April is Stress Awareness Month in the US, where as much as 53% of women are reportedly stressed. And the local stats are not much better. Cassey Chambers, operational director at the South African Depression and Anxiety Group (SADAG), says more than 60% of calls coming in currently are from women, either calling in for help for themselves or out of concern about a partner, spouse, child or friend.
Dr Rykie Liebenberg, a specialist psychiatrist at Sandton Mediclinic, says one of the main reasons women are more prone to stress and anxiety than their male counterparts is estrogen levels. Estrogen levels change dramatically over a woman’s life cycle, in relation to various reproductive events and these shifts are linked to the onset or recurrence of major depressive episodes. “During the childbearing years, when estrogen is high and cycling, the incidence of depression is two to three times as high in women as men. The highest risk periods are postpartum, and perimenopausal. This perimenopausal period can last five to seven years, which is a prolonged risk period,” she says.
Dr Liebenberg outlined the following additional contributors to women’s high stress levels:
- Sedentary lifestyle: government-imposed lockdowns and more women working from home has meant an increase in physical inactivity. Women who sit more than seven hours a day, have a 47% higher risk of depression than those who sit for less than four hours.
- Long hours: Women who work more than 60 hours a week have three times the risk of heart disease, cancer, diabetes and asthma.
- Overuse of technology: Social media marketing platform Hootsuite’s Global State of Digital in 2019 report revealed that the typical South African internet user at that time, was spending eight hours and 23 minutes on the internet per day, compared to seven hours, 2 minutes in Singapore and six hours, 38 minutes in the US. This can lead to inactivity, obesity, sleep deprivation and loss of human touch.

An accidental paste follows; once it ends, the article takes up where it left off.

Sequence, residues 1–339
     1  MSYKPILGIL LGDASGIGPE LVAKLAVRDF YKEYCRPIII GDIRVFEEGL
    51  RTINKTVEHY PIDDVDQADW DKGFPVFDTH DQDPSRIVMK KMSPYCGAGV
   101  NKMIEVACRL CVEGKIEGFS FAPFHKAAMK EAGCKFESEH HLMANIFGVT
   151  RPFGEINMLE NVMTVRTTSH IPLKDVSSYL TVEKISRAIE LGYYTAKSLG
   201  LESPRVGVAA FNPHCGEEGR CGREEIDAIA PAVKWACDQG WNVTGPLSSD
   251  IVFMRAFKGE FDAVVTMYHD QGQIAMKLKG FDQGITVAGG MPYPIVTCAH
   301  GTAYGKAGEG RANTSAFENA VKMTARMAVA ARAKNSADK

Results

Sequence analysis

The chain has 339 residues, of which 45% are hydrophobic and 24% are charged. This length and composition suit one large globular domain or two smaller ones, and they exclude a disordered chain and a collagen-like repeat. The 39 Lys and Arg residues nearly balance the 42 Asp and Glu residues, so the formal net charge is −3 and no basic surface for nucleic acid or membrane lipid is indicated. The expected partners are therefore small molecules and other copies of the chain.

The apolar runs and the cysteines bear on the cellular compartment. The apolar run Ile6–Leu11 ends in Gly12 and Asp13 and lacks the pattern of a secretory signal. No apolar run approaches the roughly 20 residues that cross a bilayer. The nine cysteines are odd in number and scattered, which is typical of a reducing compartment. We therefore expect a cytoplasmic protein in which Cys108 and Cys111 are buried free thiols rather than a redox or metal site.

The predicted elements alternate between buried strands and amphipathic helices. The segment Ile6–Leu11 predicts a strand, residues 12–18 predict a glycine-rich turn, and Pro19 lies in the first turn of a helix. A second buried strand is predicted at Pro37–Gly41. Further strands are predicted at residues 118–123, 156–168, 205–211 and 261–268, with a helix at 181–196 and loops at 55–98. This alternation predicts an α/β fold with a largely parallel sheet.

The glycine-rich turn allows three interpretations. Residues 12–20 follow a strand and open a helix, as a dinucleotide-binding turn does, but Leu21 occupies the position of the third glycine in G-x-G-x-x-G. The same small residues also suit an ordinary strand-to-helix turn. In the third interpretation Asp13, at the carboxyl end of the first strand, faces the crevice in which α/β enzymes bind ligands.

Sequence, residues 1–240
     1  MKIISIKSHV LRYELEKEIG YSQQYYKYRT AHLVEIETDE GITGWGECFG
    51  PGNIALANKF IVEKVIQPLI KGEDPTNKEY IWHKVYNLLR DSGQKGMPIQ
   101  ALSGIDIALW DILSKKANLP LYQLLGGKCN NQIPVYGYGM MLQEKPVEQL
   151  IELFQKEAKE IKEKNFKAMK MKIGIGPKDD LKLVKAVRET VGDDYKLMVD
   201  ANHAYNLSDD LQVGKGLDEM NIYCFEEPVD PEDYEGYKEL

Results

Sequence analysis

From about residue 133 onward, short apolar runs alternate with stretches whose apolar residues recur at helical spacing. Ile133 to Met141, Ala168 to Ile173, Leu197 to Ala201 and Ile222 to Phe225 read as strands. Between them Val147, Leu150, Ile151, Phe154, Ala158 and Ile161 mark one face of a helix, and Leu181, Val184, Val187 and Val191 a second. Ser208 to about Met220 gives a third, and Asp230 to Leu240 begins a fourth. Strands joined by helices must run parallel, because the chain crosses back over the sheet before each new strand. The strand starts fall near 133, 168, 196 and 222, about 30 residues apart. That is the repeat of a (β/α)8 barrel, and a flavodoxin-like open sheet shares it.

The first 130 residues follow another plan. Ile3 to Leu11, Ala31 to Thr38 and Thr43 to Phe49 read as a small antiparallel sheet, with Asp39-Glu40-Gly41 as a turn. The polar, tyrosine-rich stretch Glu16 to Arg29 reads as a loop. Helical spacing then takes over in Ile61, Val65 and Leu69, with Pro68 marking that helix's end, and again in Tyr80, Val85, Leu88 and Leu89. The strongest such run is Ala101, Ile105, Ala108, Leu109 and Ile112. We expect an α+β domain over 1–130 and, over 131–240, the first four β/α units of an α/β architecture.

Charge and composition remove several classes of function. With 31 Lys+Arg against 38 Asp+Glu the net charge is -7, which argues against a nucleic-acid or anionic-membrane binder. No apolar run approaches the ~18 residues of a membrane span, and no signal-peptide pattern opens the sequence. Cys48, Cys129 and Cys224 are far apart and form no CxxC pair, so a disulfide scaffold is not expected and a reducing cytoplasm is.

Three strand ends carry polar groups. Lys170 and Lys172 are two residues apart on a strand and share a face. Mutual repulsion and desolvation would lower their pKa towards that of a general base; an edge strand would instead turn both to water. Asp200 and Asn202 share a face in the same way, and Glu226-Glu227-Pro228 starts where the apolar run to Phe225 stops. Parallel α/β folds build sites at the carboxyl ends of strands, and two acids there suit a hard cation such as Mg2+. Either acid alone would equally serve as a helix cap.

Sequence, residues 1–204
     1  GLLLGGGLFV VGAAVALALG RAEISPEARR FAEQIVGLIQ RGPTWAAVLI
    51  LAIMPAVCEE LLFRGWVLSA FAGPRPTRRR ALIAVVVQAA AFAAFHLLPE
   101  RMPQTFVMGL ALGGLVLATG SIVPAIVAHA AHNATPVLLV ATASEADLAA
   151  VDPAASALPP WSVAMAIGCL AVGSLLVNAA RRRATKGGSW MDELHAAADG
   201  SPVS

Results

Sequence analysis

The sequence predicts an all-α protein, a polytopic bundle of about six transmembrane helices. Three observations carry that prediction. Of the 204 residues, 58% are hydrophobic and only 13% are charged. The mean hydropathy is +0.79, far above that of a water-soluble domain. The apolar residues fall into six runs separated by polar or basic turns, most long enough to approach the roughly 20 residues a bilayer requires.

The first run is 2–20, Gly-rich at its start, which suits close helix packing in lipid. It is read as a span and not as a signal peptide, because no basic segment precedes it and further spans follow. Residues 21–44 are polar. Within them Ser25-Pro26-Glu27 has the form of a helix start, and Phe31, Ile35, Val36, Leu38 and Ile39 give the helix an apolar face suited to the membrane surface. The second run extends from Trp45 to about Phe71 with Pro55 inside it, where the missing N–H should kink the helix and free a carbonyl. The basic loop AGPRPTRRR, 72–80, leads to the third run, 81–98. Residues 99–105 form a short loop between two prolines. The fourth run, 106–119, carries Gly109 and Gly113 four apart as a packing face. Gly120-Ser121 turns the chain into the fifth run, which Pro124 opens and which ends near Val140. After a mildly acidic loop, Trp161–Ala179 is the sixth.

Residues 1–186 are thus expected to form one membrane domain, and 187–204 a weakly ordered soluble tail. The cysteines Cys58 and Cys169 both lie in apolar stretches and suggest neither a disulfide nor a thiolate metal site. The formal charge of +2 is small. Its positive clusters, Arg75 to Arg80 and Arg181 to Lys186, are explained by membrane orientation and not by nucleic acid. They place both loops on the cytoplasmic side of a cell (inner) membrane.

Ways to reduce your stress levels
“An invisible enemy, stress manifests in different symptoms including fatigue, irritability, insomnia, forgetfulness and depression. However, being aware of your stressors and making sure that you prioritise self-care can make a significant difference,” says Seugnette van Wyngaard, Head of 1st for Women Insurance. She outlined the following tips to help you cope with stress:
- There’s an app for that. In a world where there literally seems to be an app for everything, you can download an app to help you clear your head and get you into a calm, good mental space. Some helpful apps include Headspace, Calm, GPS for the Soul, Stress Doctor and the Mindfulness App.
- Get moving. Exercise and physical activity promote the production of endorphins which are your brain’s “feel-good” transmitters, promoting a heightened state of well-being. Regular exercise also improves your confidence and, in turn, your positivity levels.
- Take time for yourself. “I don’t have enough time,” is what most women would say. The answer is that you have to make time for yourself. Read a magazine, meet a friend for coffee, run a bubble bath. You don’t have to stop your whole life but press pause and schedule time for yourself. Remember the airplane instructions? You need to put your own mask on before you can help anyone else.
- Focus on your breathing. Dr Ela Manga, founder of Breathwork Africa, says practising conscious breathing can help you build self-awareness and find your inner calmness. The more you practise this, the easier it will be. A form of conscious breathing that has been commonly recommended to Covid patients over the last year is box breathing. To box breathe, you breathe in four stages with the same amount of time for each stage. The four-stage process would be as follows:
- Inhale slowly for a count of 4
- Pause for a count of 4
- Exhale slowly for a count of 4
- Pause again for a count of 4
“These may all seem like relatively simple steps but practising each of them regularly will eventually have an impact on your stress levels, helping you stay focused and calm and better able to deal with situations as they arise,” Van Wyngaard concludes.